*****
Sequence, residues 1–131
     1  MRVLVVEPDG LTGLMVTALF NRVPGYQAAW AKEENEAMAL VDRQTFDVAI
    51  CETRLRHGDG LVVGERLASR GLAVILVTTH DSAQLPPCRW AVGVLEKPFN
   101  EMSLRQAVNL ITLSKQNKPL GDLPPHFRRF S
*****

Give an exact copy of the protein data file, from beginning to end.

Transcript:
Sequence, residues 1–131
     1  MRVLVVEPDG LTGLMVTALF NRVPGYQAAW AKEENEAMAL VDRQTFDVAI
    51  CETRLRHGDG LVVGERLASR GLAVILVTTH DSAQLPPCRW AVGVLEKPFN
   101  EMSLRQAVNL ITLSKQNKPL GDLPPHFRRF S